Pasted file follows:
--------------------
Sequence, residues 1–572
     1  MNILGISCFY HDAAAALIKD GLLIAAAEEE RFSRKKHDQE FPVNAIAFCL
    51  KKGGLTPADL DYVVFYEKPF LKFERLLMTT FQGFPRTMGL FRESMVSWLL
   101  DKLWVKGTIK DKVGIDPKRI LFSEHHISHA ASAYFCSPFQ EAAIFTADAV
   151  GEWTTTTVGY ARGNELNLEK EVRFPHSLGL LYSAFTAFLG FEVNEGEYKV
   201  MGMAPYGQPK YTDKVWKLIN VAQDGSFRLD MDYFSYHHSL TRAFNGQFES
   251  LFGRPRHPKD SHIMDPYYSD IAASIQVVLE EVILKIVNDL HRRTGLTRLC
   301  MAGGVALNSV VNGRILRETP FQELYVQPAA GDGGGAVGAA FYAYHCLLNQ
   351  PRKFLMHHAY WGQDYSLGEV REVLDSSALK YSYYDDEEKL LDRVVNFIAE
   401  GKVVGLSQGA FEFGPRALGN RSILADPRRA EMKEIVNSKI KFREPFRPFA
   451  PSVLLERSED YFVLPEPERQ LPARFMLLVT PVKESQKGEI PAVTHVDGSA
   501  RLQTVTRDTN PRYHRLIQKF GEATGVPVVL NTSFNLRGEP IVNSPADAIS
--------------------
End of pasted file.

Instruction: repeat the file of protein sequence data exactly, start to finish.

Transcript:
Sequence, residues 1–572
     1  MNILGISCFY HDAAAALIKD GLLIAAAEEE RFSRKKHDQE FPVNAIAFCL
    51  KKGGLTPADL DYVVFYEKPF LKFERLLMTT FQGFPRTMGL FRESMVSWLL
   101  DKLWVKGTIK DKVGIDPKRI LFSEHHISHA ASAYFCSPFQ EAAIFTADAV
   151  GEWTTTTVGY ARGNELNLEK EVRFPHSLGL LYSAFTAFLG FEVNEGEYKV
   201  MGMAPYGQPK YTDKVWKLIN VAQDGSFRLD MDYFSYHHSL TRAFNGQFES
   251  LFGRPRHPKD SHIMDPYYSD IAASIQVVLE EVILKIVNDL HRRTGLTRLC
   301  MAGGVALNSV VNGRILRETP FQELYVQPAA GDGGGAVGAA FYAYHCLLNQ
   351  PRKFLMHHAY WGQDYSLGEV REVLDSSALK YSYYDDEEKL LDRVVNFIAE
   401  GKVVGLSQGA FEFGPRALGN RSILADPRRA EMKEIVNSKI KFREPFRPFA
   451  PSVLLERSED YFVLPEPERQ LPARFMLLVT PVKESQKGEI PAVTHVDGSA
   501  RLQTVTRDTN PRYHRLIQKF GEATGVPVVL NTSFNLRGEP IVNSPADAIS